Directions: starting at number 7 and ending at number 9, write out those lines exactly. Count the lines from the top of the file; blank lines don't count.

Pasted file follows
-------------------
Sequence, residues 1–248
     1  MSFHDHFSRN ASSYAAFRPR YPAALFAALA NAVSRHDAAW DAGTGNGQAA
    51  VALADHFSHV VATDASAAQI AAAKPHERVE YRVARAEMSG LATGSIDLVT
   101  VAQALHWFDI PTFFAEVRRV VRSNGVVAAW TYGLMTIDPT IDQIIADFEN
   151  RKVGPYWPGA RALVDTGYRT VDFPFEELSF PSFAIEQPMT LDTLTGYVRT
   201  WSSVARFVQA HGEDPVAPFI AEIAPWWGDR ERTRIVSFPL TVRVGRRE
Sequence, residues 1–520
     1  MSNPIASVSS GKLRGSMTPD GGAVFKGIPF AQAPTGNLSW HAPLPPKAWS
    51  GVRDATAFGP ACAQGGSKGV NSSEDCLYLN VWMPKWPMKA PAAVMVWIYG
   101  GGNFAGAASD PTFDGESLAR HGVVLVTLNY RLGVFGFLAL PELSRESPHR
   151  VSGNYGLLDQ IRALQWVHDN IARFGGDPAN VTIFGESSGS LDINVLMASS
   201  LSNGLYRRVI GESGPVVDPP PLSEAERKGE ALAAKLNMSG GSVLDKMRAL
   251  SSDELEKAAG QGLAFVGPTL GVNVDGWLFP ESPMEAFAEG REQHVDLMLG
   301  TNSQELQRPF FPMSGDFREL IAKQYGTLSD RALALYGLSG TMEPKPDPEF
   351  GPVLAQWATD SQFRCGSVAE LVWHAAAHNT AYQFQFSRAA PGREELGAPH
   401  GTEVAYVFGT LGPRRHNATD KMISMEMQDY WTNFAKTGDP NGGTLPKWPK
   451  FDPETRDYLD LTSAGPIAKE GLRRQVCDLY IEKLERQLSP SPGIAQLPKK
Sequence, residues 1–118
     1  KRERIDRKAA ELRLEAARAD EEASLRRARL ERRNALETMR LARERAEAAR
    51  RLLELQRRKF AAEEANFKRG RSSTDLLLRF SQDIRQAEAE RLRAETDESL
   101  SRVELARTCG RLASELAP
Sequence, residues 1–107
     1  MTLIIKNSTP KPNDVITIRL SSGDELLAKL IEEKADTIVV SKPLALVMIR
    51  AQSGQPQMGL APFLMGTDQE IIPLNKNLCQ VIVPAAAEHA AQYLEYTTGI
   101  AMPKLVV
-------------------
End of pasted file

Sequence, residues 1–520
     1  MSNPIASVSS GKLRGSMTPD GGAVFKGIPF AQAPTGNLSW HAPLPPKAWS
    51  GVRDATAFGP ACAQGGSKGV NSSEDCLYLN VWMPKWPMKA PAAVMVWIYG